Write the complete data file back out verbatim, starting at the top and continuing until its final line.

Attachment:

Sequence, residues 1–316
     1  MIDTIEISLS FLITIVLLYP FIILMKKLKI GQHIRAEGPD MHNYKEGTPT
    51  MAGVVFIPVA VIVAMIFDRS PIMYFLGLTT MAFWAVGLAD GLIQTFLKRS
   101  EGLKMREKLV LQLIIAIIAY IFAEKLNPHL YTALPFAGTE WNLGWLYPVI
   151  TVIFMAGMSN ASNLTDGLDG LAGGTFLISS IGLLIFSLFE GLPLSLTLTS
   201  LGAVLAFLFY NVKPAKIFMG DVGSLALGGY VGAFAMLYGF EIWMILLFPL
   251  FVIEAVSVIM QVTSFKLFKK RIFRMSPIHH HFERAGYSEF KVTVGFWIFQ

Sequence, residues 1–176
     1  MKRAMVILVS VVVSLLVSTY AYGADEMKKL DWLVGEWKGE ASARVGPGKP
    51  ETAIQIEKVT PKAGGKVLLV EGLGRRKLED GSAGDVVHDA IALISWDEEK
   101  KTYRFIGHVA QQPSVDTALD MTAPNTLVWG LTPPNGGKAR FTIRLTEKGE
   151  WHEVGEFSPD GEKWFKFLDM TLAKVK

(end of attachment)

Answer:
Sequence, residues 1–316
     1  MIDTIEISLS FLITIVLLYP FIILMKKLKI GQHIRAEGPD MHNYKEGTPT
    51  MAGVVFIPVA VIVAMIFDRS PIMYFLGLTT MAFWAVGLAD GLIQTFLKRS
   101  EGLKMREKLV LQLIIAIIAY IFAEKLNPHL YTALPFAGTE WNLGWLYPVI
   151  TVIFMAGMSN ASNLTDGLDG LAGGTFLISS IGLLIFSLFE GLPLSLTLTS
   201  LGAVLAFLFY NVKPAKIFMG DVGSLALGGY VGAFAMLYGF EIWMILLFPL
   251  FVIEAVSVIM QVTSFKLFKK RIFRMSPIHH HFERAGYSEF KVTVGFWIFQ

Sequence, residues 1–176
     1  MKRAMVILVS VVVSLLVSTY AYGADEMKKL DWLVGEWKGE ASARVGPGKP
    51  ETAIQIEKVT PKAGGKVLLV EGLGRRKLED GSAGDVVHDA IALISWDEEK
   101  KTYRFIGHVA QQPSVDTALD MTAPNTLVWG LTPPNGGKAR FTIRLTEKGE
   151  WHEVGEFSPD GEKWFKFLDM TLAKVK